Barmore defends operations at DMV | News, Sports, Jobs
By GREGORY BACON
Chautauqua County Clerk Democratic candidate David Salley has criticized incumbent Clerk Larry Barmore regarding the operations of the county Department of Motor Vehicles.
“Chautauqua County was one of the last counties to open their DMVs. Erie County (June 16, 2020), Niagara County (June 21, 2020), Cattaraugus County (June 21, 2020), Genesee County (June 17, 2020), Monroe County (June 16, 2020), Livingston County (June 18, 2020), and Ontario County (June 17, 2020) all opened their DMVs before Chautauqua County (June 22, 2020). People were lining up outside and around the block. And on June 27, 2020, The Observer Today reported that the Chautauqua County DMV had to totally shut down for the near future because of a directive from the Governor’s office and the fact that they were unable to handle the amount of paperwork that needed to be processed,” Salley stated in a press release.
Barmore brushed off the criticism. “When you go back to 2020, some of the adjoining counties did open four business days before we did, some were three days. Several opened same day we did. If that’s all the criticism he has, I don’t know what he expects,” he said during a phone interview. “Every county opened (their DMV offices) within five days of each other.”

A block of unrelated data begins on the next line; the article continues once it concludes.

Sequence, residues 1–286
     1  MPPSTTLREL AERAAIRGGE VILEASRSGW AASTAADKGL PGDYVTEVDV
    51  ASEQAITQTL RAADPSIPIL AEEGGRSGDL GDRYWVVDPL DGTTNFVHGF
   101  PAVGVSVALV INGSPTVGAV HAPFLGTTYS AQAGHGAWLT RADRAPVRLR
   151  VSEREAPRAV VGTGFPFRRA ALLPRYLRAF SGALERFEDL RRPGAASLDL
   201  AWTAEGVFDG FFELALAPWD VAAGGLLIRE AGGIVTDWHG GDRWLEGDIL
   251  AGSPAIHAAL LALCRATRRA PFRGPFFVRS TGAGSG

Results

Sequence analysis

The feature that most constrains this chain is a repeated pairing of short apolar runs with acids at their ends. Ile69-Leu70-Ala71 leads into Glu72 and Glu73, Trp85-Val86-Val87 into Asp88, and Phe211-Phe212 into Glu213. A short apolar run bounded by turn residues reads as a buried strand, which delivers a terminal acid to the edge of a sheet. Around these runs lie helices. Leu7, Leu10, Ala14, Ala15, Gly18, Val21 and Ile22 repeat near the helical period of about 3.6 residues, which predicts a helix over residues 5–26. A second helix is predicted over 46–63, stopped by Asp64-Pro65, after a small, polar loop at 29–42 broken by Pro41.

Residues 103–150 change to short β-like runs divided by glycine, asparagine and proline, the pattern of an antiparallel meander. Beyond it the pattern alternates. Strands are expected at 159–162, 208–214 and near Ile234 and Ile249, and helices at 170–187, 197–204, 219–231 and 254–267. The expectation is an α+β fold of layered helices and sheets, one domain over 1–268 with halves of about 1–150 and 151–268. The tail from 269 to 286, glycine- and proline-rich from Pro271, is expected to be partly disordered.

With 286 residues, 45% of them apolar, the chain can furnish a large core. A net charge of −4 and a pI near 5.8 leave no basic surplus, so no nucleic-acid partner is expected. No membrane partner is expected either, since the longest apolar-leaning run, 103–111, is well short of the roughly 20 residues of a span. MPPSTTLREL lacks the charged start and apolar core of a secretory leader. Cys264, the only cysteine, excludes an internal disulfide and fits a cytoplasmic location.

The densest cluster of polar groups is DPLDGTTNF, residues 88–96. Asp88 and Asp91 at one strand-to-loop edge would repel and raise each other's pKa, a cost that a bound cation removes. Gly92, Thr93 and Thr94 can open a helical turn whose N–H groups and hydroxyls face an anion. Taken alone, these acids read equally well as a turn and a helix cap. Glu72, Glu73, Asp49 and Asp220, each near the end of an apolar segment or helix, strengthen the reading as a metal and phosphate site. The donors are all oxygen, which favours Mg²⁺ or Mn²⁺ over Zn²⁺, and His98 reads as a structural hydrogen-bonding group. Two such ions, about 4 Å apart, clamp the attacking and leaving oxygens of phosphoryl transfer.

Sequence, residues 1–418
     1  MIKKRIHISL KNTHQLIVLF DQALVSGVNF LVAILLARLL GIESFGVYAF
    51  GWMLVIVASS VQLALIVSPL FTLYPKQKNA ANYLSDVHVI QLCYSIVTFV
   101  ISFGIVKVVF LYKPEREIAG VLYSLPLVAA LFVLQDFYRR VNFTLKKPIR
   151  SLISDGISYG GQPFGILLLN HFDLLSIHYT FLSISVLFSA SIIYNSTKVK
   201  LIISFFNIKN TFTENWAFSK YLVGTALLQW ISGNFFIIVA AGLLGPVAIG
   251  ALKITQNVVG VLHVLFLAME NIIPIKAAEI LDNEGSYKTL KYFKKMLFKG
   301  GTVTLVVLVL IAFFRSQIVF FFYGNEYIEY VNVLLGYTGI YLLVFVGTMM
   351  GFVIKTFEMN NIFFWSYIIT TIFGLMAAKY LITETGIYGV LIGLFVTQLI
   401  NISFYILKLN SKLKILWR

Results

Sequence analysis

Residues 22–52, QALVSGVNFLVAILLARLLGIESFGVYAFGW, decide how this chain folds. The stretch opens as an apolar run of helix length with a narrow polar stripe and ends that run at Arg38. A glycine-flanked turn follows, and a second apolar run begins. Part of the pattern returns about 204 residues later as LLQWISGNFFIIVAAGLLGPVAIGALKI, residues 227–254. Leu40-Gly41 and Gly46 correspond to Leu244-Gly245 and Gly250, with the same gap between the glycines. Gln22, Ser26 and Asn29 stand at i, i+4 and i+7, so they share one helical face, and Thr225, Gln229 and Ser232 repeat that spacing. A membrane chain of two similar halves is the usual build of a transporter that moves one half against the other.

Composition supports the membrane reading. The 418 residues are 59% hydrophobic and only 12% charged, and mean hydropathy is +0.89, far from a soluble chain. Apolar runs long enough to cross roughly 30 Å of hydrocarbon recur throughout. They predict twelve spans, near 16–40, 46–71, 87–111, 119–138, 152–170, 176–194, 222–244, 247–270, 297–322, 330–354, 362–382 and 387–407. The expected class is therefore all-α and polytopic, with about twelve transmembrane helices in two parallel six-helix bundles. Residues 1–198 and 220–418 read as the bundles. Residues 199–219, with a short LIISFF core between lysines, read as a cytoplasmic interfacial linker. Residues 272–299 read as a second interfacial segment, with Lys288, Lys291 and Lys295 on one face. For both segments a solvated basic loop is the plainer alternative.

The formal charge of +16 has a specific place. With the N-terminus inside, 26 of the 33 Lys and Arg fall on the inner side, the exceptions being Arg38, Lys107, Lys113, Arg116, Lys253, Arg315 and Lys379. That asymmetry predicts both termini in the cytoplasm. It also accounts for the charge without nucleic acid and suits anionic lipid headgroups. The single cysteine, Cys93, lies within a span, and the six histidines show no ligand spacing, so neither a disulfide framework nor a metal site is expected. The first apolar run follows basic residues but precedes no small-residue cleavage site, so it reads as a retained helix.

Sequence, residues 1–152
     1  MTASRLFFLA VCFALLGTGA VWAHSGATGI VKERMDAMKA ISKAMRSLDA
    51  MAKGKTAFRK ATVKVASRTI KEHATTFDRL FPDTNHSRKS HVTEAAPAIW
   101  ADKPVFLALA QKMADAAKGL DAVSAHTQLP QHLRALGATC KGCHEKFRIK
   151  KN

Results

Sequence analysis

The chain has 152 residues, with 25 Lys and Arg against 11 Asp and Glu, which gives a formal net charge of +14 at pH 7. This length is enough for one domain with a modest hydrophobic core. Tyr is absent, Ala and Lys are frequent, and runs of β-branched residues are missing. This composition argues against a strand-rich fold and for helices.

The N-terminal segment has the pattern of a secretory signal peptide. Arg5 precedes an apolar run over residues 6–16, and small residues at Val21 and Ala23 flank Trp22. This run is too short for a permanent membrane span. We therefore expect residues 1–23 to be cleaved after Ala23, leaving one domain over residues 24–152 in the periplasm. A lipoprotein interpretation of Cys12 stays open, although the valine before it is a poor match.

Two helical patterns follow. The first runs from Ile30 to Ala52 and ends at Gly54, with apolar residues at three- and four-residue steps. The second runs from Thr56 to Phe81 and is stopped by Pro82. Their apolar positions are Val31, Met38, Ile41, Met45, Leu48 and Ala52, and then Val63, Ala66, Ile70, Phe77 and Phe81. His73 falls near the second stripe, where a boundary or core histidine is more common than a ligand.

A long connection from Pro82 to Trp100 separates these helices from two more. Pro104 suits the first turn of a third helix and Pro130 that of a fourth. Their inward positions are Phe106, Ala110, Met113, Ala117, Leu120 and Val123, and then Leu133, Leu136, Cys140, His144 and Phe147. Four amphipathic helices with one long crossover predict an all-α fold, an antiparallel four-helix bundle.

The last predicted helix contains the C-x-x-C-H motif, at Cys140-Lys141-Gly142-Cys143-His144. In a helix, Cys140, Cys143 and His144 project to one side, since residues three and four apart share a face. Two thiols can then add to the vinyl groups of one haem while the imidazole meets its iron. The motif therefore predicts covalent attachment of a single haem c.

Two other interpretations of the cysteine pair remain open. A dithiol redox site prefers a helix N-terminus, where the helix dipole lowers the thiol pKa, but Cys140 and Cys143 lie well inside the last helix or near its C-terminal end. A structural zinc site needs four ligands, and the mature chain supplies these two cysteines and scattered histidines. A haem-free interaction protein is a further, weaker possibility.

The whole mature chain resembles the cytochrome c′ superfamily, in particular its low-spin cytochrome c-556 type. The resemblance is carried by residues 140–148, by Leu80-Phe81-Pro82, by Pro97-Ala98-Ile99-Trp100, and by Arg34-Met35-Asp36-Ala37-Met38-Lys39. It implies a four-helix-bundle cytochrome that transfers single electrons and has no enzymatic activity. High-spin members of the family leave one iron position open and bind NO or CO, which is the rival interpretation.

Barmore added that their reopening was guided by the Chautauqua County Health Department and the county executive.
Salley was also critical about Barmore’s recent comment that he runs the Chautauqua County Clerk’s office like a business and was only helping people who had his phone number with personal deliveries to get cars back on the road.
“A government office is not a business. We proved that with the Post Office. A business only serves the people where it is profitable and doesn’t bother with the markets where the profit margin isn’t great enough to justify the expense. Also, when I am county clerk, I will make sure that everyone is served in times of crisis, not just my personal friends. A government office must serve all the people,” Salley stated in his news release.
Barmore did confirm that he did make personal visits during the pandemic to help people, but many of them he didn’t know. “I drove to so many people’s houses, you wouldn’t believe it,” he said. “I didn’t do this for friends. I did it for who ever happened to call me.”
Barmore said at one point he put his phone number on the website but had to take it off because of the hundreds of calls he was getting. “I couldn’t take care of everybody but I took care of who I could,” he said.